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It will be a new look Albert Park Circuit when fans return in April


A brand-new look for the brand-new era.

Formula 1® makes its triumphant return to Albert Park this April for the 25th running of the Australian Grand Prix in Melbourne, but it's a very different Albert Park to the one the teams and drivers last raced on in 2019, when Valtteri Bottas got his year off to the perfect start with victory for Mercedes.

We all know why F1® hasn't raced on these shores since then, but how F1® will race this year? Paradoxically, it's a step into the unknown, but one taken at a place that's largely familiar.

For its first 24 appearances on the world championship calendar, the circuit barely changed at all; now, Australia's Grand Prix venue has a brand-new look for the brand-new era of F1® machinery. It's a facelift for a circuit that needed to keep pace with the demands of modern-day F1®, and the result of an exhaustive process where more than 300 people spent more than 45,000 hours to make a track everyone loves visiting even better.

Why change the layout at all? As spectacular as the cars have looked on the circuit over the years, passing opportunities have been at a premium, and something had to give. For Australia's Daniel Ricciardo, being consulted on what needed to change made him secure in the knowledge that his home GP circuit would get the international thumbs-up of approval.

"The new design at Albert Park, it's really focused on improving the racing and the spectacle, to create more opportunities for overtaking," the McLaren driver explains.

"It's a beautiful circuit but it's always been quite tricky to overtake, so we've really tried to exploit some areas to allow more slipstreaming, more chance of overtaking under braking.

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"Back in 2019, they asked a few of our drivers' opinions and what we would want to change to make the racing a better spectacle. That's what I was really happy with."

So what has changed? For one, the circuit's length – previously 5.303km, now 5.279km. The number of corners, down from 16 to 14. Even the pit lane, which has been widened by two metres to 14 metres from the garage wall to the signalling wall.

Want to know more? Then buckle up – and join us for a lap.

Sector 1: Start/finish line to Turn 6

Albert Park's first corner has always been a better overtaking place in theory than reality, a bumpy surface, fast turn-in and narrow braking zone making it very tough for a trailing car to overcome a rival in front. This year, that bottleneck should be alleviated as the corner is 2.5 metres wider to the drivers' right, while there should be more passing at Turn 3 too, that corner four metres wider than previously on the inside after the track's first DRS zone.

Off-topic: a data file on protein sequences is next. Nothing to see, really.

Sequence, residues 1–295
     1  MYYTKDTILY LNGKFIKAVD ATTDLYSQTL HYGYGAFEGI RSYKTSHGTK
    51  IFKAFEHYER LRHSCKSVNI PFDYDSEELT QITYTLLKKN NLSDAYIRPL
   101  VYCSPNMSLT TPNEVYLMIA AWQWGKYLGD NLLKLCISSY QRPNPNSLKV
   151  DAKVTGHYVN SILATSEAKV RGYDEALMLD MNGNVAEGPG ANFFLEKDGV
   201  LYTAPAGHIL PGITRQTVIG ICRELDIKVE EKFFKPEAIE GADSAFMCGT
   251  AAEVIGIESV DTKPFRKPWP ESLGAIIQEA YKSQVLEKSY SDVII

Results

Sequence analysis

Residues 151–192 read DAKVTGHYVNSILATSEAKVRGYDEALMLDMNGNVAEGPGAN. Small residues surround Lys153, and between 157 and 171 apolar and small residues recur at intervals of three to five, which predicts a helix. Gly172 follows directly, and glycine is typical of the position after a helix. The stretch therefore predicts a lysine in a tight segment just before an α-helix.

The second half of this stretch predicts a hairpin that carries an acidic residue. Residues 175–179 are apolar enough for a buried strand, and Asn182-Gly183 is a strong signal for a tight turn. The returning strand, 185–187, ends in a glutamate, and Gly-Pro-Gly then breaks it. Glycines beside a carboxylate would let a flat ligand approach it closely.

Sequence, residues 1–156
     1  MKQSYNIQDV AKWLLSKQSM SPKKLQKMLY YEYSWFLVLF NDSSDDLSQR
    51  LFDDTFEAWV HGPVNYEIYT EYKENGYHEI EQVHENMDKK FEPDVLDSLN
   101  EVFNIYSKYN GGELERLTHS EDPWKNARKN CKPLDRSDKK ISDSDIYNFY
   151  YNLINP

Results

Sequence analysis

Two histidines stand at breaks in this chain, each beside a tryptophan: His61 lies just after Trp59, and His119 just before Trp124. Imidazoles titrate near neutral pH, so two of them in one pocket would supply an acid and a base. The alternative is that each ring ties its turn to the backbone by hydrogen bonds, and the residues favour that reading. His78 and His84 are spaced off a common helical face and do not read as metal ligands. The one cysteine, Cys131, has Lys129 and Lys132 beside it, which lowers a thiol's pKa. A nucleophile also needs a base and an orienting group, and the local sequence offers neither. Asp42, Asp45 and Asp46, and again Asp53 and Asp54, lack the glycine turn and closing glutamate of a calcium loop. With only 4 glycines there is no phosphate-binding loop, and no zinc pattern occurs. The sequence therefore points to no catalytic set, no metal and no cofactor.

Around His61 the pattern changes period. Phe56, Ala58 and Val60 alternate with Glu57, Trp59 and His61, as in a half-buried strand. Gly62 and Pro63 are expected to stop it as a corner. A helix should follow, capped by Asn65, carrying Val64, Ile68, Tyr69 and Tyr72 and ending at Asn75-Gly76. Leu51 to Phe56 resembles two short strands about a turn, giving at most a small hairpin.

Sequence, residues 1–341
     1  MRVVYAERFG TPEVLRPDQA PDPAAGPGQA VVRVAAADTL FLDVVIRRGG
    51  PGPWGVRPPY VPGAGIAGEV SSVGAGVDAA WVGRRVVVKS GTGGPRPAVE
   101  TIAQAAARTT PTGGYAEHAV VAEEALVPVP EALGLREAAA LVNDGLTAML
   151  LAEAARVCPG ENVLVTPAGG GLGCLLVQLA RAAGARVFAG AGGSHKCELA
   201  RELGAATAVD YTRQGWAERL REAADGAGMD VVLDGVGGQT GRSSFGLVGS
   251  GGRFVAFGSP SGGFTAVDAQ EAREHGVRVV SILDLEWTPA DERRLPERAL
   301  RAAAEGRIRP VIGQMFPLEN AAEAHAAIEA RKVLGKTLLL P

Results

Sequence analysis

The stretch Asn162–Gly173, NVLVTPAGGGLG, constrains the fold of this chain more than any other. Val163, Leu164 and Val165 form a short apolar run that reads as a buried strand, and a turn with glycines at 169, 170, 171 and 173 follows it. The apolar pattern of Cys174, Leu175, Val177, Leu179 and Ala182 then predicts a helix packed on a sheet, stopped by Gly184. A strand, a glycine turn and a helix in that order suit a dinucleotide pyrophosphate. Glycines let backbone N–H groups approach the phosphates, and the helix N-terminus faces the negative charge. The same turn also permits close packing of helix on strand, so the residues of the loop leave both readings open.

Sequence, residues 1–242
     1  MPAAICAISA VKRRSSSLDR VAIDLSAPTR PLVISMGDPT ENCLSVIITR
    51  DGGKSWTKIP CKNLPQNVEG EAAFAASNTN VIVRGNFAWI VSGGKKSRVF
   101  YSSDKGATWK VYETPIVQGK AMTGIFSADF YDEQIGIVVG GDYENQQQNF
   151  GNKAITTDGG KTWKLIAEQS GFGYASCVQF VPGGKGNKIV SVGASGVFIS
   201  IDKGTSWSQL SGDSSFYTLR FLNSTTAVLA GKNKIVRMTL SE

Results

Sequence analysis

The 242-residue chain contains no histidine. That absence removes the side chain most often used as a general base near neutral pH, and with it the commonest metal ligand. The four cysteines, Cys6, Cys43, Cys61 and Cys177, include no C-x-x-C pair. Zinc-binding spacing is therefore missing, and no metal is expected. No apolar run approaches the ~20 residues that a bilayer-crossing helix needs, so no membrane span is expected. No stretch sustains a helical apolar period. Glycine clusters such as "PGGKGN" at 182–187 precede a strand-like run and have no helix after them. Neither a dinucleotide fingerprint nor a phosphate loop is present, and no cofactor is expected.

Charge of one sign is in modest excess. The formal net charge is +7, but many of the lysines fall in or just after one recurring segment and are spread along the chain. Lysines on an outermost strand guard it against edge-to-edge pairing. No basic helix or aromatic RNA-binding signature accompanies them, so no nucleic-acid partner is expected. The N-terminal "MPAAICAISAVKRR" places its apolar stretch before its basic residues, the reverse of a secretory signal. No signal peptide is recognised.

The beginning of the biggest change to the track comes at Turn 6, after the cars dance through the shadows of the trees that separate the circuit proper from Albert Road. Turn 6 is now 7.5 metres wider to the inside, meaning cars are likely to be 70km/h faster through this corner than ever before. That in itself increases the likelihood of spectacular action – what comes after it, even more so …

Sector 2: Turn 6 to Turns 9-10

Coming out of the much slower Turn 6 in recent years would send cars to what was a chicane at Turns 9-10, which only served to concertina the pack before they vaulted off the exit towards Albert Park's signature section, the high-speed chicane at Turns 11-12. But what if you could have the best of both worlds, a retention of the fast chicane with an even faster approach speed?

It's what has been achieved by replacing the slow-speed chicane with a nearly flat-out blast from Turn 6 that scythes between the golf course on the left side of the track and the lake on the right, a DRS zone only heightening the speed as the cars hurtle into what is now Turns 9-10, the fast chicane that Mercedes' George Russell calls "one of the best corners in the world".

In 2022, that corner will be what Ricciardo calls "extreme and awesome", the drivers experiencing 5.4g as they flick the car left, then right, from an entry speed of around 330km/h.

Sector 3: Turn 11 to the finish line

After the signature chicane comes Turn 11 (formerly Turn 13), the sharp right-hander where passing opportunities in the past have been tried, but often unsuccessfully. The chances of overtaking at this corner should be higher with the turn reprofiled to be wider on the right-hand side and apex.

Further on in the lap comes the final big braking zone at what is now Turn 13, a slow-speed left-hander that is wider than before on the drivers' left, setting up the chance of a late dive down the inside on the brakes.

Ricciardo, who has kept abreast of the changes as he's criss-crossed the world since F1® last raced in his backyard, is excited at what's to come.

"Better Sundays is what we want, better races, more battles – I think the direction it's gone is going to push it towards this," he says.

"If 2022 promises everything it does with being able to follow and the racing to be enhanced, then coming to a circuit like Albert Park with these changes should make a pretty amazing spectacle."